Used centuries ago, lime mortar still finds a use in restoring historic property. Heat and pulverisation converts limestone into lime which is essentially calcium. The product is also known as quicklime and calcium oxide. These products, when combined with water, form a putty or mortar which hold stones, blocks or bricks in place. The process of making and using lime mortar requires some understanding of chemistry but is doable by most do-it-yourselfers.
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Things you need
- Hydrated lime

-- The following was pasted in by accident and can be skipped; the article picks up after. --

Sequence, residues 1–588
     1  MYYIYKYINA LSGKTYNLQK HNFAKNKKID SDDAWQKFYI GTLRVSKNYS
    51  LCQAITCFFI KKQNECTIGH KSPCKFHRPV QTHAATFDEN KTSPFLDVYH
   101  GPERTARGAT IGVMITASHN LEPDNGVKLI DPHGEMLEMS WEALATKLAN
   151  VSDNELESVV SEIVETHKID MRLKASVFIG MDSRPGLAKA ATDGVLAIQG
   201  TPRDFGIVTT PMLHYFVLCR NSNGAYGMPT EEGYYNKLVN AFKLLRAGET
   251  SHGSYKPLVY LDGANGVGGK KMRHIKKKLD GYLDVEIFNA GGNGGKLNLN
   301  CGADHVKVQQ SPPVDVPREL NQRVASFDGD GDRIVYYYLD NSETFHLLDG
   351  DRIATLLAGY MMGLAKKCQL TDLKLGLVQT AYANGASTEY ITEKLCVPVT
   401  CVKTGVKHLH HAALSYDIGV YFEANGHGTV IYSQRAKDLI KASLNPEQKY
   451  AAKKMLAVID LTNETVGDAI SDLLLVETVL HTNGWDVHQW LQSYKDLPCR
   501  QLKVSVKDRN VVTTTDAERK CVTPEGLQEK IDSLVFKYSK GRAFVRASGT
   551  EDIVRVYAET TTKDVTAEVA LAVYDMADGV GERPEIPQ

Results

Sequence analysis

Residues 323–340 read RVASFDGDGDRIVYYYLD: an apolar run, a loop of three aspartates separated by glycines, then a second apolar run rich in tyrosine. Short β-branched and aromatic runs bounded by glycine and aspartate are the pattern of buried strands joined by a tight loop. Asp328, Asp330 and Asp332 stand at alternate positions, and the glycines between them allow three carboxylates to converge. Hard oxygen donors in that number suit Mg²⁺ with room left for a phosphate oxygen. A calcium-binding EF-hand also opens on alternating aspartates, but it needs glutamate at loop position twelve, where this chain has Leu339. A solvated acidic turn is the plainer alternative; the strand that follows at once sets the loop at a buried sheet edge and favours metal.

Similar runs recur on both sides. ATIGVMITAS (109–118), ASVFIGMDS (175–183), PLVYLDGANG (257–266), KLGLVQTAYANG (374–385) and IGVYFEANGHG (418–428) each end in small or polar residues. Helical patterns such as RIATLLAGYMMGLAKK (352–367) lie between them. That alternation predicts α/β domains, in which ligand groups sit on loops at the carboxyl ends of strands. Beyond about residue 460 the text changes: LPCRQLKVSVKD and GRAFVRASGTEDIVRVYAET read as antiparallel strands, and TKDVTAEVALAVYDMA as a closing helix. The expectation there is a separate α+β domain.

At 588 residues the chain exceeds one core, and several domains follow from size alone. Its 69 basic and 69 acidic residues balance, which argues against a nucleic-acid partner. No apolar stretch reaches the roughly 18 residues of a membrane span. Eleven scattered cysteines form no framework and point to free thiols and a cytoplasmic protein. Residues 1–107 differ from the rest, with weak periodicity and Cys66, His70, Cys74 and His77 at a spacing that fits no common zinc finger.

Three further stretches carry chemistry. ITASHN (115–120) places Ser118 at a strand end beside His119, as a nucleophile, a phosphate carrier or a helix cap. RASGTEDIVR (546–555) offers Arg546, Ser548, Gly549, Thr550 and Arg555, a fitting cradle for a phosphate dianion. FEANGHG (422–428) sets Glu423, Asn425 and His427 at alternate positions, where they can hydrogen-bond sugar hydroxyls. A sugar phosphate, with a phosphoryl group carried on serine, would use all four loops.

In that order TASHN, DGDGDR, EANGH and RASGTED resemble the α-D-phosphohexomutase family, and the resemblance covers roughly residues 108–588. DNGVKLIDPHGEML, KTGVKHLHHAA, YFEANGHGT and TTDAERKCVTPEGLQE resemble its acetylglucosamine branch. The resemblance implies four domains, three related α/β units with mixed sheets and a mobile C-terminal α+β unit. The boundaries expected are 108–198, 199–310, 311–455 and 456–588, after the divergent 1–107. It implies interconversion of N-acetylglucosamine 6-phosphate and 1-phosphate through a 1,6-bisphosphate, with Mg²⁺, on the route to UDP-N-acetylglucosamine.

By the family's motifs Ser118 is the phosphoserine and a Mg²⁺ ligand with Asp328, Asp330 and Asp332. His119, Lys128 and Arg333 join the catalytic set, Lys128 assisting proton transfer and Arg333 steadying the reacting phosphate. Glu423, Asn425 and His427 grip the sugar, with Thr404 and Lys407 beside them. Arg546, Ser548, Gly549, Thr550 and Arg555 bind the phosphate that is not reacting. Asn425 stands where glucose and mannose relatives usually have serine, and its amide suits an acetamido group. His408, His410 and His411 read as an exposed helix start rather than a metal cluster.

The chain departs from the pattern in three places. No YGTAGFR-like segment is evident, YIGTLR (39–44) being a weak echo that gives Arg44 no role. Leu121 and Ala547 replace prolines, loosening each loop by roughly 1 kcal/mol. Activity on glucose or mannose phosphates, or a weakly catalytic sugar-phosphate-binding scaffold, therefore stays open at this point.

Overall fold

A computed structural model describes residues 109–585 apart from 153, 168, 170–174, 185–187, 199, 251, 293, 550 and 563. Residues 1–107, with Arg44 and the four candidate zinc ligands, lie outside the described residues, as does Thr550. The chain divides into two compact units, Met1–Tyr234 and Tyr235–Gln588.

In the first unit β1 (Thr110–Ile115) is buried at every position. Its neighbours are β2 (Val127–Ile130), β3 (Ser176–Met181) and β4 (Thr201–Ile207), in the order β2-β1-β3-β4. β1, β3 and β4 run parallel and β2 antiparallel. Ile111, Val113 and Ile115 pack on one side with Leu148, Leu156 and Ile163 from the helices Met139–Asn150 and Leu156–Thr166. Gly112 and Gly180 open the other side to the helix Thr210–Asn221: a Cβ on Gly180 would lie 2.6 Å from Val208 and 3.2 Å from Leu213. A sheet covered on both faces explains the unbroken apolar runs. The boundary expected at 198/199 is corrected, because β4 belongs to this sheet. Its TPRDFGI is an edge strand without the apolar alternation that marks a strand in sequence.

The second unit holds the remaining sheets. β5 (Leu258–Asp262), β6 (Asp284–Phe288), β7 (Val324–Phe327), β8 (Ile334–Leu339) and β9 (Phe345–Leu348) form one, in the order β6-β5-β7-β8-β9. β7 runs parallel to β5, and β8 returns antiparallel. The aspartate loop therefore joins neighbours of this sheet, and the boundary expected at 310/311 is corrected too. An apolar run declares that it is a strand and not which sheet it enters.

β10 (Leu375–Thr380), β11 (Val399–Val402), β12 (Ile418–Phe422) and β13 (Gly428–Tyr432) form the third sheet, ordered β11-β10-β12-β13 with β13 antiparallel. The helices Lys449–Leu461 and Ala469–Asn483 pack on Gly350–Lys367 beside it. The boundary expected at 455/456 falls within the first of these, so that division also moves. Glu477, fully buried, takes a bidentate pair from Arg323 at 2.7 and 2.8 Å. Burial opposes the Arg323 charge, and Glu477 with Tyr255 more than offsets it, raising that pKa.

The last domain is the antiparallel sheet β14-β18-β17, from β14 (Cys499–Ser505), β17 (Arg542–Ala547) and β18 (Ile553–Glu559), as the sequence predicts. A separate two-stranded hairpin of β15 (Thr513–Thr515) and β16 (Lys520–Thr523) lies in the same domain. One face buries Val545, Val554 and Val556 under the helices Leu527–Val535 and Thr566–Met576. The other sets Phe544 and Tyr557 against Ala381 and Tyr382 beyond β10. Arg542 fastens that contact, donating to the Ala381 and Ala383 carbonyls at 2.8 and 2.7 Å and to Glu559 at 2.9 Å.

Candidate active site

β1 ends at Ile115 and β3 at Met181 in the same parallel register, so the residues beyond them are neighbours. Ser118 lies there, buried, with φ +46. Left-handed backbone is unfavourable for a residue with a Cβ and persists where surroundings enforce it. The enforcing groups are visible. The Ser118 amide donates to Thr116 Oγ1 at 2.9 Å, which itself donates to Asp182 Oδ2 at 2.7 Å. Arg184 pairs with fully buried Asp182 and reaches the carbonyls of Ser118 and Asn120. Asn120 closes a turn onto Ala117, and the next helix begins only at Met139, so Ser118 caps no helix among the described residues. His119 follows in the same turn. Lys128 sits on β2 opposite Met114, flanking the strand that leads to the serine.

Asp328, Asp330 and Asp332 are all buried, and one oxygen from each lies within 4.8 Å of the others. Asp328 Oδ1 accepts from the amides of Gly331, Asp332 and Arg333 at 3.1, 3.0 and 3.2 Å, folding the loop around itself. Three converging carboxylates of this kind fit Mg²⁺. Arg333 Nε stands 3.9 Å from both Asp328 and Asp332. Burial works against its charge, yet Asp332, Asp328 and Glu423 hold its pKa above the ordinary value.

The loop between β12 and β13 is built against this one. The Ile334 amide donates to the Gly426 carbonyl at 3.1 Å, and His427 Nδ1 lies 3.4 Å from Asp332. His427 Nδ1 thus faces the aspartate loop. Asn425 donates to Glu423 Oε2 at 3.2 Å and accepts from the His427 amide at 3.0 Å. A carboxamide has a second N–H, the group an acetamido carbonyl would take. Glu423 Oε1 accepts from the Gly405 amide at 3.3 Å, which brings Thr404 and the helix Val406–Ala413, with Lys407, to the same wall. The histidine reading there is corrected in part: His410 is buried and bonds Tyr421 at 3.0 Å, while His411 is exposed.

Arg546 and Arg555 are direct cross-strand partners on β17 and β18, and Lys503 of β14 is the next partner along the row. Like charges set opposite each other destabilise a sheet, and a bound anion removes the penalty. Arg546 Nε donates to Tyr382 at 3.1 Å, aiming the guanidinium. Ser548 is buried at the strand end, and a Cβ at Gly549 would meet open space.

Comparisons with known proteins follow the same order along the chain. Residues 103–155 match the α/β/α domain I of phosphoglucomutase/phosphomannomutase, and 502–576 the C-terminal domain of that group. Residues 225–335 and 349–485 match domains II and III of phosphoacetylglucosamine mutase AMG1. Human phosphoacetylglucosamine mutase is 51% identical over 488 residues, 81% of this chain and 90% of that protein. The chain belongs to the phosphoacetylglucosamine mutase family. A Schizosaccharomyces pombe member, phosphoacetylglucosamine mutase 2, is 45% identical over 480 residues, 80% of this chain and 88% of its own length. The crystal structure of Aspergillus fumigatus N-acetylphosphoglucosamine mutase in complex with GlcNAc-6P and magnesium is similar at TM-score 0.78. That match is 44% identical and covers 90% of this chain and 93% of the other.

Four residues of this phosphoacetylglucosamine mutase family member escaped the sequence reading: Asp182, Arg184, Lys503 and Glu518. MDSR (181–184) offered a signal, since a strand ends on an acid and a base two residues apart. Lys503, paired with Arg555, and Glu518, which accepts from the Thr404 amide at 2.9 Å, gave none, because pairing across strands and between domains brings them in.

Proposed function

Mix the dry materials of hydrated lime and sand at a ratio of one part lime to three parts sand.
Add water to the dry mixture to form a putty consistency mortar. The mortar stays flexible longer than other mortars and, according to Masonry Magazine, becomes more pliable and workable as it ages.
Store the lime mortar in a sealed container until use. The lime mortar remains soft and workable as long as it isn't exposed to the carbon dioxide in the air.
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